"The intelligence coup of the century"

For decades, the read the encrypted communications of allies and adversaries exploiting backdoors in silicon chips.


Free and open-source silicon will allow everybody to audit the full chip design, from netlists down to layout.

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@fsi As much as I'd like to believe open-source silicon might help with that ...

... the story we're looking at regards *mechanical* encryption, with engineers who worked on that directly failing *over decades* to detect engineered-in weaknesses. (With a few notable exceptions.)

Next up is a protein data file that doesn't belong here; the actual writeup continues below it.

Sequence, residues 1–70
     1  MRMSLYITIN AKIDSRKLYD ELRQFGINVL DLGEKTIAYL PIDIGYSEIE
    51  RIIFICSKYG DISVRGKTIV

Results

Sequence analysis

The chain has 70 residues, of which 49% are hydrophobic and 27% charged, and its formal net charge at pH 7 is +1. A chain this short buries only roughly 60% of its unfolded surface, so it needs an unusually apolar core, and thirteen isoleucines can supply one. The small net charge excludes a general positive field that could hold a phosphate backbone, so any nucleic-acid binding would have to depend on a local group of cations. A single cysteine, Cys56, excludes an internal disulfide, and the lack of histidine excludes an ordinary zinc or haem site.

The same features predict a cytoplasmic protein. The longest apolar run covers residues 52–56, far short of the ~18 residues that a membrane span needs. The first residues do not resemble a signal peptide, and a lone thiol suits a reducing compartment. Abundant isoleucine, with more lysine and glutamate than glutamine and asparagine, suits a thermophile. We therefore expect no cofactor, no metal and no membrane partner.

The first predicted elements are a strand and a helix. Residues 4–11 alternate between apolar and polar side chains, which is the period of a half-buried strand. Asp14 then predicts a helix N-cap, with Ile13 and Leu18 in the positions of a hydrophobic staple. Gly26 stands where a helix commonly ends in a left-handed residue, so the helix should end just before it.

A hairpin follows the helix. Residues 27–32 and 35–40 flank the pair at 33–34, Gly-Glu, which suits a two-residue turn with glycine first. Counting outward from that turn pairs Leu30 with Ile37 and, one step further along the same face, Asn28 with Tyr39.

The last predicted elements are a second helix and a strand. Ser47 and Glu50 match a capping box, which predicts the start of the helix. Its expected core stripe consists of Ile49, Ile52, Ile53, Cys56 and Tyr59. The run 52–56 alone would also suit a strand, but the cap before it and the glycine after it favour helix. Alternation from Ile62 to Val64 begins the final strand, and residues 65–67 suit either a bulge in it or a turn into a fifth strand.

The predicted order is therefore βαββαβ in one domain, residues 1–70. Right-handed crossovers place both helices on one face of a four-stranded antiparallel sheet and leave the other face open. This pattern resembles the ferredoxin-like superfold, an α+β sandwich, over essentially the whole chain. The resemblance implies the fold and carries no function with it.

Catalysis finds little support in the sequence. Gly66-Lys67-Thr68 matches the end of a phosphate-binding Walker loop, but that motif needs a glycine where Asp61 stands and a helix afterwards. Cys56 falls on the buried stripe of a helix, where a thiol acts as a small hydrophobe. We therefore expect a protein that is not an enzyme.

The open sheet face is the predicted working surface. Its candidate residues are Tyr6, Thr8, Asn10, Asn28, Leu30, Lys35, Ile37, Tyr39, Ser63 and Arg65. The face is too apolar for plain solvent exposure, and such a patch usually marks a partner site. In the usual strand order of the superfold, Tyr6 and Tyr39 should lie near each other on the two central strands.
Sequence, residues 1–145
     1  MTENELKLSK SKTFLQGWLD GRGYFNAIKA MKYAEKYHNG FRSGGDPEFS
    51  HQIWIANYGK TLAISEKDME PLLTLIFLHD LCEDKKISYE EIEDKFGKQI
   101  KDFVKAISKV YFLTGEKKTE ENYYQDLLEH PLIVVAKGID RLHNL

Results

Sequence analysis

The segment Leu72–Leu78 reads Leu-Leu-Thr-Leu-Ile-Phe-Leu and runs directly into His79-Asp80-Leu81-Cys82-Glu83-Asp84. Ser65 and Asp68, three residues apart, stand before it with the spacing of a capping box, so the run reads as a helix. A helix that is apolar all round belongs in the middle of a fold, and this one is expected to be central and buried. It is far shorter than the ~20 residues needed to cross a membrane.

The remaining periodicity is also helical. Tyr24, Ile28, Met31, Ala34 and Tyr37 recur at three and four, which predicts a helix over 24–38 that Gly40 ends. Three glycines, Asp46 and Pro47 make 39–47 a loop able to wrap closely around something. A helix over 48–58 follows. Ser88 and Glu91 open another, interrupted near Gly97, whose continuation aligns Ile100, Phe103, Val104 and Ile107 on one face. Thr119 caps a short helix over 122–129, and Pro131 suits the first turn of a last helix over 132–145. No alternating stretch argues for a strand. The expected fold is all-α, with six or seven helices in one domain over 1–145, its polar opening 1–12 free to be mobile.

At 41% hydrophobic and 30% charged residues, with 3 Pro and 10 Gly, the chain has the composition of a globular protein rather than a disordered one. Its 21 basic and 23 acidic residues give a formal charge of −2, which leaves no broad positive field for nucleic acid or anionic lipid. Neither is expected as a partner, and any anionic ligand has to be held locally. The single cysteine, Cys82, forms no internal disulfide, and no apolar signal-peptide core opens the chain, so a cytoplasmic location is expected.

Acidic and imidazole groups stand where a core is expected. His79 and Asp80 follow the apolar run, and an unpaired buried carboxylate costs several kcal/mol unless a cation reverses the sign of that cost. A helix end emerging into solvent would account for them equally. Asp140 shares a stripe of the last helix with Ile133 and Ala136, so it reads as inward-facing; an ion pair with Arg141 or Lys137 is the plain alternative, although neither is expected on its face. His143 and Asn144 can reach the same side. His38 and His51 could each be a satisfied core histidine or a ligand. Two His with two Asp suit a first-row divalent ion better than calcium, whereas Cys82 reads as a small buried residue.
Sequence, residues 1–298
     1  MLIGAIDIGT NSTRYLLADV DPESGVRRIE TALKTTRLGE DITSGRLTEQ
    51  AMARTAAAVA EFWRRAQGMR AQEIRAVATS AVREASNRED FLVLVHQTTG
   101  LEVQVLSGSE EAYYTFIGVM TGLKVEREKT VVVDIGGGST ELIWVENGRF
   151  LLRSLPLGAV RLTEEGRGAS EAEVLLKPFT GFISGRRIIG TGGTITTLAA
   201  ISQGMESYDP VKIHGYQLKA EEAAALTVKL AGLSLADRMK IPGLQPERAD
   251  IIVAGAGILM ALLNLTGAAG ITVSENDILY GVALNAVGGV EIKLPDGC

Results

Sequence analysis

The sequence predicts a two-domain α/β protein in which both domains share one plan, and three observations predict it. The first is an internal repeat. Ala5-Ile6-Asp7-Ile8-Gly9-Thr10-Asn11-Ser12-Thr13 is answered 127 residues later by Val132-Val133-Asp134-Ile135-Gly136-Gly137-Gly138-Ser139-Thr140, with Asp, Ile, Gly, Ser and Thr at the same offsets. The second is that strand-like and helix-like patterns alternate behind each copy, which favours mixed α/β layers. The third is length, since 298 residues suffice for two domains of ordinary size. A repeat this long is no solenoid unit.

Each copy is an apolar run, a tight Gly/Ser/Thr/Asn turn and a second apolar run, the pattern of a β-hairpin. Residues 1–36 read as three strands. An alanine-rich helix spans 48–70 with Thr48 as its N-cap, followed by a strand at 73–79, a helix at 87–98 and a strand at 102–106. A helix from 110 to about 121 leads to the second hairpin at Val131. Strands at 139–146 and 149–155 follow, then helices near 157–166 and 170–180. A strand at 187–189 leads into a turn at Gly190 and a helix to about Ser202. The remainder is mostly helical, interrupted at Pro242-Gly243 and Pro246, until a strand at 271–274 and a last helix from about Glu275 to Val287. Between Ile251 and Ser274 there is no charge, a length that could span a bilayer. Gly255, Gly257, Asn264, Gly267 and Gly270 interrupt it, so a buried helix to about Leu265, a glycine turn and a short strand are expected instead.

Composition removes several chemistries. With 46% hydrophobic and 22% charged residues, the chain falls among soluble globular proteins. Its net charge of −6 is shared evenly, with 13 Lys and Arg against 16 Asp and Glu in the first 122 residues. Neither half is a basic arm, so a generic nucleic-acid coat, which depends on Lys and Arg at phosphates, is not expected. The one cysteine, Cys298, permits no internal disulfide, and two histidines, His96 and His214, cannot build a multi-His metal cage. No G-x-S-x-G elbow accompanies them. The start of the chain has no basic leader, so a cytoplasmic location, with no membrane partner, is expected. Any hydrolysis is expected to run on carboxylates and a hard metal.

The complexity of silicon + software is ... greater. As is the likelihood of concealing weaknesses and backdoors.



Quoting the Washington Post:

* "Crypto’s shift to **electronic** products [..]. Foreign governments clamored for systems that seemed clearly superior to the old clunky mechanical devices but in fact were **easier** for U.S. spies to read."

* "a **circuit-based** system could be made to appear that it was producing endless streams of randomly generated characters, while in reality it would repeat itself at short enough intervals for experts [..] to **crack** the pattern."

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